What is there before the flare?

From RHESSI Wiki

Revision as of 17:57, 24 August 2018 by Schriste (Talk | contribs)
Jump to: navigation, search

Number: 63
1st Author: Hugh Hudson
2nd Author:
Published: 29 January 2007
Next Nugget: RHESSI and submillimeter waves
Previous Nugget: The Next Generation - FOXSI
List all


A solar flare results from the sudden conversion of energy stored in the solar corona. The energy comes from the magnetic field, and goes into forms that we can observe (X-rays, EUV, H-alpha;, radio waves, etc.). How does this happen? The coronal plasma must undergo an instability, subject to its global constraints. We do not know the nature of this instability (but there might be more than one); in any case the restructuring of the coronal magnetic field has to be such that its energy density, in an integral sense, decreases. The best way to identify the nature of the instability might be to compare the pre-flare and post-flare structures. Can we do that well enough with RHESSI and Hinode images?

These are the best data yet for this purpose. The physical problem is to identify the magnetic structure before and after; in principle this can be done by precisely locating the footpoints of a flaring loop. Because of the "line-tying" requirement of ideal MHD, we can think of the magnetic flux passing through the solar photosphere as unchanging, up to a certain time scale. On shorter time scales the coronal field can tilt and sway (but probably not twist). Thus we might be able to trace the field - even if perturbed - into the coronal locations where the interesting physics might happen. Because of the way that solar flares work, hard X-rays may provide the most understandable marker for a flare's footpoint regions.

Practicing with a microflare

We have started with a microflare well-observed by Hinode. Alas, there were no RHESSI observations of this event, but it is for practice; please see future Nuggets in which we plan to use RHESSI to identify the footpoints more precisely. Figure 1 shows the microflare and its pre-event active region, in soft X-rays as detected by the X-ray telescope on Hinode.

	Figure 1: The active region (left) and a difference image (right) showing the locations of the flaring loops. The two images are separated by five minutes (5:02, actually), during which time the loop footpoints in the photosphere must remain "frozen" in place.	 

This figure shows pretty clearly that the clearly the flaring structure is grossly different from the preflare structure. Can one see the flaring loops at all in the in the preflare image, or were those parts of the corona that flared simply invisible? And if the latter, what does that mean? In fact, if one looks closely at the images, more closely than is possible just from these representations, there are some pre-flare features that are similar to and even close to the positions of the flare features. In most cases, though, these new data seem to confirm the pre-RHESSI and pre-Hinode conclusion that the preflare magnetic structure is typically not detectable in soft X-rays. This means that it is tenuous, cool, and has a low gas pressure.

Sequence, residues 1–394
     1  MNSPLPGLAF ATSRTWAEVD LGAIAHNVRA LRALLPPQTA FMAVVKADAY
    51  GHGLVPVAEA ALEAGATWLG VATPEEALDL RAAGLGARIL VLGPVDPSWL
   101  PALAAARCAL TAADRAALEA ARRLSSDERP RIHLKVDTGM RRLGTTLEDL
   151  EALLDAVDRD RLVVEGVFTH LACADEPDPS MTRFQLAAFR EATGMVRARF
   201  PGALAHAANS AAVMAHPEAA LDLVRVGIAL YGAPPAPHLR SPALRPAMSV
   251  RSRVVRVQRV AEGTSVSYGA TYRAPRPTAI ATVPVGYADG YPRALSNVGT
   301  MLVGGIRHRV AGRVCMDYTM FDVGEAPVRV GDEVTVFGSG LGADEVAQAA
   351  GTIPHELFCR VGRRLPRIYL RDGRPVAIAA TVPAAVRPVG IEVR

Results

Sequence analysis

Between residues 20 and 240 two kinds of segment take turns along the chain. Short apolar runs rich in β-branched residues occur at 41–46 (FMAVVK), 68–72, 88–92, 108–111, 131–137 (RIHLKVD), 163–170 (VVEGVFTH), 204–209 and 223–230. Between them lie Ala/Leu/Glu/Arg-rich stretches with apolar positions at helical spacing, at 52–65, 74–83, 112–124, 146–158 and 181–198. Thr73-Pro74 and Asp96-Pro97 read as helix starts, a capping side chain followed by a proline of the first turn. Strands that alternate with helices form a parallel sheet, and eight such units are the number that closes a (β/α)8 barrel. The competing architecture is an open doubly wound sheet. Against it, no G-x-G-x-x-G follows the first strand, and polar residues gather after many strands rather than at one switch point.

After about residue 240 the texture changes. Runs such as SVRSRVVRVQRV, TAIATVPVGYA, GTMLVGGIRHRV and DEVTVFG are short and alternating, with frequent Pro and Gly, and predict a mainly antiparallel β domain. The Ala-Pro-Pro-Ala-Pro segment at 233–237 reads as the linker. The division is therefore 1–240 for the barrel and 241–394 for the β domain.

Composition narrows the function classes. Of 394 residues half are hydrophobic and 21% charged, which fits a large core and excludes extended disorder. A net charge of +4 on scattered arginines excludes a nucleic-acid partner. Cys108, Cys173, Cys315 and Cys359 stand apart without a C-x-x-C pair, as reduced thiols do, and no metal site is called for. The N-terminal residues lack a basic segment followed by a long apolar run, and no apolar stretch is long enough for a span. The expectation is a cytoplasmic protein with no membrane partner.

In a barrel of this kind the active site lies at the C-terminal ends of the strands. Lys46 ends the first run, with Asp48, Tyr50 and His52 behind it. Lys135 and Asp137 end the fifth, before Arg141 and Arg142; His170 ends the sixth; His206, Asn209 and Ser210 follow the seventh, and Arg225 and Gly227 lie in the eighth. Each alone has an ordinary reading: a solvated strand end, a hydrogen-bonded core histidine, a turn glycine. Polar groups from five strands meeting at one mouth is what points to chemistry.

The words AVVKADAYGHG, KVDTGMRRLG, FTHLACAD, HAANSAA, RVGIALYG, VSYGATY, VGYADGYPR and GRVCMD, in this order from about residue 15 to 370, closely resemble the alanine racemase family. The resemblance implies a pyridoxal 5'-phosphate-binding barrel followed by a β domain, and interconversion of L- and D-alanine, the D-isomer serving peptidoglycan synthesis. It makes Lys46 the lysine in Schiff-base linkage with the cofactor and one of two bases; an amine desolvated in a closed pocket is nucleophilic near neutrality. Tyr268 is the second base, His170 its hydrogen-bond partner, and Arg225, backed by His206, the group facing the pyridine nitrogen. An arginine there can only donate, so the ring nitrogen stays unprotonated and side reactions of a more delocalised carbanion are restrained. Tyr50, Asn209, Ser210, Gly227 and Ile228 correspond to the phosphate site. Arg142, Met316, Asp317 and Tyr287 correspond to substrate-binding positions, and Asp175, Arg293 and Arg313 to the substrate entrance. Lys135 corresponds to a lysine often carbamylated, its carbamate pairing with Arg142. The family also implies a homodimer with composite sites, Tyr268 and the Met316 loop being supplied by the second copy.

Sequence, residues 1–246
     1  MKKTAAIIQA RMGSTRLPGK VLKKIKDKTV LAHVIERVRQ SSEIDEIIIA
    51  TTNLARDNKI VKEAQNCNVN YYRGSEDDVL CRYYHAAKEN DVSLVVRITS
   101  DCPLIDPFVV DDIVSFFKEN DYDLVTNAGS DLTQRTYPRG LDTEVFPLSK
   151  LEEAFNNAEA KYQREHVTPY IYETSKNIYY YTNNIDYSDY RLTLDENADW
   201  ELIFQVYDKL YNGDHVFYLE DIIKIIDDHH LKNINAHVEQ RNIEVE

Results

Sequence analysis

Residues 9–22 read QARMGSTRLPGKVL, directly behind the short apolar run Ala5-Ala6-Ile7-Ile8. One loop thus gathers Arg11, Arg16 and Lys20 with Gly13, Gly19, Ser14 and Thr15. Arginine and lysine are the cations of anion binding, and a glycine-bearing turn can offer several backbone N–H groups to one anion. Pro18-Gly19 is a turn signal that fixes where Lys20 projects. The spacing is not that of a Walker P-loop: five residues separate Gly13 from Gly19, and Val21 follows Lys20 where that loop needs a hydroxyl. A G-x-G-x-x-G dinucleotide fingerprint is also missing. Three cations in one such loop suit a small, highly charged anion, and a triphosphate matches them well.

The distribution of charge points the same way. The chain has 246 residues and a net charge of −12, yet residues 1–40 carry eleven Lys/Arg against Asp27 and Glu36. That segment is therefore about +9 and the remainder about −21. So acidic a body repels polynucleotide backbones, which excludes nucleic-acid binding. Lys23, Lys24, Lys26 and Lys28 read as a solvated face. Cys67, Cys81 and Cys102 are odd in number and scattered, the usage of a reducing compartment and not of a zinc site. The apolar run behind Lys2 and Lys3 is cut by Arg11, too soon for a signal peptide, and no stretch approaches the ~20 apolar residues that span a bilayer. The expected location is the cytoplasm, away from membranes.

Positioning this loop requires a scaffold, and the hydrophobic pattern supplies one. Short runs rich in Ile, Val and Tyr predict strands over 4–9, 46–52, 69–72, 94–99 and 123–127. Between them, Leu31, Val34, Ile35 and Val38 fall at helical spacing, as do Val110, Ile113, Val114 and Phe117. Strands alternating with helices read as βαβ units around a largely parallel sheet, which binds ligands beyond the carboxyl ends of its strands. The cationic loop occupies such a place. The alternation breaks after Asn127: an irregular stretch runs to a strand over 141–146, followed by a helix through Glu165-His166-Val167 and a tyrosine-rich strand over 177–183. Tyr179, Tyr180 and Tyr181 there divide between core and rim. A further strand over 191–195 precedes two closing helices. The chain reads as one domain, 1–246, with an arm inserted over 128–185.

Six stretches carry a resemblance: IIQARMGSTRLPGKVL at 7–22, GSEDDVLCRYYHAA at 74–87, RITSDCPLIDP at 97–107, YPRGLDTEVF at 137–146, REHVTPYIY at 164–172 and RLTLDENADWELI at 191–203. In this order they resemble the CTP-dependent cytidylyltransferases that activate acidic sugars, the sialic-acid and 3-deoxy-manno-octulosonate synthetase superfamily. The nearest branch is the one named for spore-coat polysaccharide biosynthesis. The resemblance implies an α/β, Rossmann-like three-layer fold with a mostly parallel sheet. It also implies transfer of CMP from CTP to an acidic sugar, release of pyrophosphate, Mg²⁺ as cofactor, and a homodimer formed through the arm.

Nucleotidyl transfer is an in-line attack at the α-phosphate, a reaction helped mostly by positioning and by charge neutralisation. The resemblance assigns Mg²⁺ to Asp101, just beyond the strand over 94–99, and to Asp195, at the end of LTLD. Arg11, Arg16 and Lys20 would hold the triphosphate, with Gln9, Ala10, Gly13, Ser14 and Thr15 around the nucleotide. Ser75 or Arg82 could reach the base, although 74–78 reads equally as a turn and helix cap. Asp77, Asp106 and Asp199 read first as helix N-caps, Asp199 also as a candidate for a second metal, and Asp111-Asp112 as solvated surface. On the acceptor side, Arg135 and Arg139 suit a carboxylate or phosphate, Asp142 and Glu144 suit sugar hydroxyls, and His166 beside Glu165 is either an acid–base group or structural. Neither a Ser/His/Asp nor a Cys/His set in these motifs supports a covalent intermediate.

So: we don't see the preflare plasma in soft X-rays. Just how tenuous and cold can it be, i.e. what upper limits can we place upon the gas pressure in these structures? For reference, the coronal gas pressures in visible active-region loops, including bright flaring loops, lie in the range 10-2 to 103 dynes/cm2. Note that these pressures are much smaller than Earth's atmospheric pressure, although that is not particularly relevant here. The lower limit to active-region loop pressures is actually not known, or easily knowable, because they become too faint to see. The brightness of the flaring loops (see Figure 1) results from their higher temperature, which correlates with higher density - the pressure (2nT) is the main thing. An X-ray telescope responds to a plasma at a given temperature and density via I = n2 x f(T), where f(T) describes the detector efficiency for the given range of photon energies. It turns out that, for an equilibrium loop model, the sensitivity f(T) must be multiplied by T4, which is shown in Figure 2.

	Figure 2: Detector responses for the Hinode soft X-ray telescope, for three of its filters. Each filter has a different response to the source temperature, such that the intensity varies as n2 x f(T) (with n the density) and for our purposes the response function f(T) must be multiplied by T4 according to theory. Thus a wholesale variation in loop brightness can result from a trivial investment in temperature change!	 

We can crudely compare the visible flare loop with an invisible preflare loop by assuming that they have the same geometry. In some cases this looks like a good assumption, but it is common belief that magnetic reconnection plays a role in flare physics, and in any case some sort of restructuring is certainly necessary. By making this assumption, we learn that in this case the preflare temperature and density appear to be at or below the minimum ever recorded in the corona, with a correspondingly low pressure. These are only upper limits at present, but they will be greatly improved or even converted to real measurements in the future, by use of other data from Hinode, namely from its EUV imaging spectrograph EIS.

Biographical note: Hugh Hudson is a senior RHESSI team member at UC Berkeley.

Personal tools